Still Life by Louise Penny: This is the first book in the Inspector Gamache series, a murder mystery series set in locales such as Montréal, Québec City, and surrounding towns and villages. There are currently fifteen books in the series. Once you’ve read this one, continue with the following: A Fatal Grace / Dead Cold, The Cruelest Month, A Rule Against Murder / The Murder Stone, The Brutal Telling, Bury Your Dead (set in Québec City), A Trick of the Light, The Beautiful Mystery, How the Light Gets In, The Long Way Home, The Nature of The Beast, A Great Reckoning, Glass Houses, Kingdom of the Blind, and A Better Man.
Déjà Dead by Kathy Reichs: The Temperance Brennan books are set in Montreal and Charolette, and inspired the spinoff TV series, Bones. Engaging page-turners for anyone who is a murder mystery fanatic. The remaining books in the series are as follows: Death du Jour, Deadly Decisions, Fatal Voyage, Grave Secrets, Bare Bones, Monday Mourning, Cross Bones, Break No Bones, Bones to Ashes, Devil Bones, 206 Bones, Spider Bones, Flash and Bones, Bones are Forever, Bones of the Lost, Bones Never Lie, Speaking in Bones, and A Conspiracy of Bones.
The Apprenticeship of Duddy Kravitz by Mordecai Richler: “Duddy — the third generation of a Jewish immigrant family in Montreal — is combative, amoral, scheming, a liar, and totally hilarious. From his street days tormenting teachers at the Jewish academy to his time hustling four jobs at once in a grand plan to “be somebody,” Duddy learns about living — and the lesson is an outrageous roller-coaster ride through the human comedy.”
Promised to the Crown (Daughters of New France) by Aimie K. Runyan: “They are known as the filles du roi, or “King’s Daughters”—young women who leave prosperous France for an uncertain future across the Atlantic. Their duty is to marry and bring forth a new generation of loyal citizens.” A charming book series. Her second book is titled Duty to the Crown.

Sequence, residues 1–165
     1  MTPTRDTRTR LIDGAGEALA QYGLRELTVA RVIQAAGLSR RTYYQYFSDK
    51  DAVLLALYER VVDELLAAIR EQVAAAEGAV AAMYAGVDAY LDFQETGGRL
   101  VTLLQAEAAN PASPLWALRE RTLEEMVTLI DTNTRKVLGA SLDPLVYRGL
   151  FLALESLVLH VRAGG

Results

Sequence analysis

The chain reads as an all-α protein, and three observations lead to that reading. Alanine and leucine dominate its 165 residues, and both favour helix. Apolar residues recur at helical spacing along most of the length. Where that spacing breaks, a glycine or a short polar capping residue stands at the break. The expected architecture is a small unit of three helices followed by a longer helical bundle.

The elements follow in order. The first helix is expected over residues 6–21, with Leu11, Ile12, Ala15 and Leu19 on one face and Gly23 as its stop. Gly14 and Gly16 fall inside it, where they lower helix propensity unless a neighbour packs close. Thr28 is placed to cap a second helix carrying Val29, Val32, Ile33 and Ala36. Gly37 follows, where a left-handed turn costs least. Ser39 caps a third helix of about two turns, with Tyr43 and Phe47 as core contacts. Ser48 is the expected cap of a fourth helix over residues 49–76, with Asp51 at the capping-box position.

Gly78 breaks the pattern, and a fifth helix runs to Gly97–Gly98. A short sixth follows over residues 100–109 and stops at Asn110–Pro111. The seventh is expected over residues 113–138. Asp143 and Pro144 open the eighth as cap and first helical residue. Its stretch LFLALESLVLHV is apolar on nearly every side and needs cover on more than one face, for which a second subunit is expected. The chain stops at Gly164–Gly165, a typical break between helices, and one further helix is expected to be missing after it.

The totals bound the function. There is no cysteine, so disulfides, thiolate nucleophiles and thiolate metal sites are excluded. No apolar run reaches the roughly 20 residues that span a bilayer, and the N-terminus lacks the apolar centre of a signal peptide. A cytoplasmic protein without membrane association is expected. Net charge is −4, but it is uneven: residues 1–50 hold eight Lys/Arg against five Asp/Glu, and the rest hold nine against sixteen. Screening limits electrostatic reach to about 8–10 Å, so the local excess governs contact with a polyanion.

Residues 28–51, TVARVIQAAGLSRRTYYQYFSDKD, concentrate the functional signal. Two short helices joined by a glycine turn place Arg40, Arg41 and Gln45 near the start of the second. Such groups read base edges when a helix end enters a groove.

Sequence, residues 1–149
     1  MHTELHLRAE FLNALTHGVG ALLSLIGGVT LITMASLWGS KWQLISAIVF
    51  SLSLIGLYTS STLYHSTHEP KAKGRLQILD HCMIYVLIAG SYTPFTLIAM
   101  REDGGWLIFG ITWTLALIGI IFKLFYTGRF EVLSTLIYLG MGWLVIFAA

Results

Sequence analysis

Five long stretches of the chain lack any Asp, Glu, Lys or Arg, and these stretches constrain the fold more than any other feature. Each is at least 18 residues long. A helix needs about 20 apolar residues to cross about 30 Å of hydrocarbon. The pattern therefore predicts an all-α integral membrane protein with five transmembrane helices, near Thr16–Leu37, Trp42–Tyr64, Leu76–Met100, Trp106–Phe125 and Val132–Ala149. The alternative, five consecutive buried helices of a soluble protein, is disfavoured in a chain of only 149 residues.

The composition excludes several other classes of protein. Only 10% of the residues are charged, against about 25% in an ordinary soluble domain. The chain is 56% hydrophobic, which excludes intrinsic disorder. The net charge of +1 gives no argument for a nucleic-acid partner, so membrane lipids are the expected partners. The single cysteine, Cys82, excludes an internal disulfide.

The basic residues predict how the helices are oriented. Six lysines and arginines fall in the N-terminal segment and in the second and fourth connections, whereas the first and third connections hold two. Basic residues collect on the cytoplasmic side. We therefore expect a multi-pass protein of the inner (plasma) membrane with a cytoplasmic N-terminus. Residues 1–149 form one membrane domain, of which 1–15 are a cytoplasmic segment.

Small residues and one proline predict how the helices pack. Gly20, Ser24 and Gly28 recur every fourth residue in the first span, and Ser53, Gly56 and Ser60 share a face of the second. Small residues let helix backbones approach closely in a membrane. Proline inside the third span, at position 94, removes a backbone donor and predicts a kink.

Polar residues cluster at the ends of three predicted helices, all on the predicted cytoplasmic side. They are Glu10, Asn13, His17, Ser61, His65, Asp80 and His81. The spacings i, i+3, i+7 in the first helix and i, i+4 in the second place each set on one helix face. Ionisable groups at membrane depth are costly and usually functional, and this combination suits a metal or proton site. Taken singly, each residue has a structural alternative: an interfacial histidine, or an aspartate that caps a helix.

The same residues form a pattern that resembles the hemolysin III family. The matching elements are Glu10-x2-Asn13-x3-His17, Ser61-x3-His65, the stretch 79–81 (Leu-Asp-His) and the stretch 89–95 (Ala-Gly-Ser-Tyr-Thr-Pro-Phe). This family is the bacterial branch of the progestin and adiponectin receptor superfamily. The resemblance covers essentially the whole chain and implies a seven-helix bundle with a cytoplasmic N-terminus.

When the French first landed in what we know now as Québec City they brought seeds and ingredients with them, however, that was not enough and they had to use meats, fish, grains, and herbs that were native to their new land as well. This marriage of ingredients, French and North American, helped to create what we know today as Québécois cuisine.
Made in Quebec by Julian Armstrong: An essential cookbook for those wishing to not only make Québécois cuisine at home but to learn a little bit about the history and culture of the food made in Québec.
The Farm to Table Phrasebook: Master the Culture, Language, and Savoir Faire of French Cuisine by Victoria Mas: French cuisine is at the heart of Québécois cuisine, so it only makes sense that one should utilize this handy little phrasebook. We always have this handy, in Québec and France.
Bienvenue au Québec by Christiane Thébaudin: This book is written in French, so you may need to use Google translate, but it is worth it. We recommend cipaille (sea pie) a traditional dish similar to shepherd’s pie, but better.
While it’s possible to find locals who speak a little English in places like Montréal, Québec City, Ile d’Orleans, Eastern Townships and other major areas, the main language of Québec is French. We’re not saying you need to learn French to visit Québec, but knowing some basic words and phrases shows locals you care.
Speak Québec! by Daniel J Kraus: Not a hardcore language guide, Speak Québec! is more a fun language guide with little insights in Québécois French – particularly its slang.